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Should I go test optional?

0
votes
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I’m a rising senior and due to COVID it looks like I can’t take the ACT until September, but I want to apply early so I get the first shot at the majors I want. Is it possible to apply now and send the scores down the line? Or should I go test-optional?

ACT

3 answers

answered on
2
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If you take the ACT in September, you should have enough time to get your scores back before the earliest deadlines (usually November 1). Are you applying to a school with Rolling Admissions? Even if that's the case, you should still be able to apply with plenty of time.

It's always better to have a test score, especially for selective schools. If you're applying to a less-selective school and your transcript is very strong, you might consider just applying anyways, but it's not the most ideal situation (some scholarships are based on scores, for instance, and it's unclear how that will change with test-optional policies).

Keep in mind that you also should weigh whether or not you have the time to study properly for the ACT. The last thing you want is to take it and get a score you're unhappy with, only to go test-optional anyways. Be realistic with yourself about what you can handle (though a strong test score should be a big priority in the admissions process). Maybe take a timed practice test to see if your initial score is somewhat close to your goal score (at least in the top range of the middle 50% of the schools you're aiming for). If you're close, then you may not have to study "as much," though you should still take it seriously.

Does this make sense? Let me know if you have more questions, and good luck!

answered on
1
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Test-optional really depends on what schools you’re going for and how likely you are to get in without a test score. The way test-optional policies work is that it benefits the students who submit test scores but also gives a chance to people who either didn’t make the cutoff or couldn’t sit for the exam since now it’s not a requirement for admissions. My recommendation is if you are scoring below in the 25% percentile (below “below average”) then don’t submit your score.You really want have a score that is in the top of the ‘middle 50%’ values that colleges publish every year; unless you can get your score up to at least a slightly below average test score, then submitting a test score will only hurt you. I.E. for an ivy league like Brown which went test optional this year, I wouldn’t submit any SAT score below like a 1500-1520 because then you will just look under qualified. If you have a competitive profile already (strong grades and ECs for your school) then you should be fine not submitting a test score. However, if your EC profile or GPA is lacking then you might be able to make up for it with a big test score. It’s your call. Normally I would say take the test and then see where to go after based on your score, but if this is time intensive you might have to make that call now by yourself.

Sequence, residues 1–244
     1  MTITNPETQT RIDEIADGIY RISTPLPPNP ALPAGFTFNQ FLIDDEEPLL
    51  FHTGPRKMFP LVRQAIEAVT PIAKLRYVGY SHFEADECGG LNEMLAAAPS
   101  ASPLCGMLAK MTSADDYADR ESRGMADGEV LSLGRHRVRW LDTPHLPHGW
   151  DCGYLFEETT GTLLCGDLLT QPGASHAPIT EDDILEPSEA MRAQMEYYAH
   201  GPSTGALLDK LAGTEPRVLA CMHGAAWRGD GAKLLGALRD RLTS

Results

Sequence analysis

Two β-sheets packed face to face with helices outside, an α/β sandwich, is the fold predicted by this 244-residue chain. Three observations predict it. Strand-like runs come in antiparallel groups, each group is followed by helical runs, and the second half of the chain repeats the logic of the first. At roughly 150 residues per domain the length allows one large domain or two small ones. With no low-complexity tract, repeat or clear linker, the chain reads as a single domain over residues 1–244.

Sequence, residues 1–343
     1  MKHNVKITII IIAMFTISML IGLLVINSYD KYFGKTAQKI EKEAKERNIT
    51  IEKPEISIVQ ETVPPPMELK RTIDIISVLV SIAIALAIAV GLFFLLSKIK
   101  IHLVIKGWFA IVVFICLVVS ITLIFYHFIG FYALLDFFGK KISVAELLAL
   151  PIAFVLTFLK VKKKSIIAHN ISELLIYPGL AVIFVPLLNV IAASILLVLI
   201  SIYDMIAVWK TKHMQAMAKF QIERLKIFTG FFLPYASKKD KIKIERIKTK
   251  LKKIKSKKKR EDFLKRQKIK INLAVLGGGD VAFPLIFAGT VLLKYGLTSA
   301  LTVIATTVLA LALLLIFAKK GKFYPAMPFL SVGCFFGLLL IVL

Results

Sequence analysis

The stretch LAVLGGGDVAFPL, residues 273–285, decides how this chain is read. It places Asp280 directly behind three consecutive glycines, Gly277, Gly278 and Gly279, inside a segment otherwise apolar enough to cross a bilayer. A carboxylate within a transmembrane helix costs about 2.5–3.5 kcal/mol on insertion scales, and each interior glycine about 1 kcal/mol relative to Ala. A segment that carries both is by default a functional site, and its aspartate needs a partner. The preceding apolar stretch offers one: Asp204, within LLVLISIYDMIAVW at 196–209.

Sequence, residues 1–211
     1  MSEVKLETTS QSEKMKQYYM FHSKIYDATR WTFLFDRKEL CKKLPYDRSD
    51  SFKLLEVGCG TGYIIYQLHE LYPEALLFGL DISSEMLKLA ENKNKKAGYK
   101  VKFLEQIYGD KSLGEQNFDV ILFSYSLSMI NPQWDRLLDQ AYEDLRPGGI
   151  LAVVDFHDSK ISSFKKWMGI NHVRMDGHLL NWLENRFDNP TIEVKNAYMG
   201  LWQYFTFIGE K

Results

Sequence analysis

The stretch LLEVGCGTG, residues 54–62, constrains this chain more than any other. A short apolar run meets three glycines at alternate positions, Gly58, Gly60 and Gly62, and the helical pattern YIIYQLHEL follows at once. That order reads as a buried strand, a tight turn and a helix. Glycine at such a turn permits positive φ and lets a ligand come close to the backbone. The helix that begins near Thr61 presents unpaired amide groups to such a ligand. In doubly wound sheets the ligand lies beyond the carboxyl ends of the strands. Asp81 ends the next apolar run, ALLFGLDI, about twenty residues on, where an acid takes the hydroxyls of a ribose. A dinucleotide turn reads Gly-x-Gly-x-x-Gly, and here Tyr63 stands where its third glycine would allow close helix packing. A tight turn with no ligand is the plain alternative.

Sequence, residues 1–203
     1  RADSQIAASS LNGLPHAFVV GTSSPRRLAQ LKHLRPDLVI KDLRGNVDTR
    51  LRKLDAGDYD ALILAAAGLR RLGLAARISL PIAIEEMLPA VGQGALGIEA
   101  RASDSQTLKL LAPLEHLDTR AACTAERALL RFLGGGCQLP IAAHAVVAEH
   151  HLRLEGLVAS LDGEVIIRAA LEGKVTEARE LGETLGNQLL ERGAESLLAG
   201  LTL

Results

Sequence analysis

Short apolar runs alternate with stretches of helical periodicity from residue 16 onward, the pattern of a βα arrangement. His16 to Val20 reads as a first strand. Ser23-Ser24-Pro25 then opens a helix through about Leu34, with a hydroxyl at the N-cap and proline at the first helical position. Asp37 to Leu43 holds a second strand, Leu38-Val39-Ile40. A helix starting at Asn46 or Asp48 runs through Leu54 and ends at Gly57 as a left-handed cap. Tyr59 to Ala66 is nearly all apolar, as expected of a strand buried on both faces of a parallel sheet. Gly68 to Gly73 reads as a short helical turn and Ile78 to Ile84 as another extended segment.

answered on
0
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So crsgo definitely hit the nail on the head with how test op works. In regards to sending it down the line that is definitely feasible if it is one deadline you can appeal in the spring and essentially say I got x score I’m qualified. The process depends on the school however and you’d need to contact the schools admission office for the how to.

Hope this helps and comment if you need clarification.

[edited]
Just wanted to add that appealing generally doesn't work and is not recommended, unless there is a major change in your profile since you submitted the application (like state/national award). A test score is likely not considered a major change, as there were probably lots of people with great test scores who were also denied, at least at selective schools.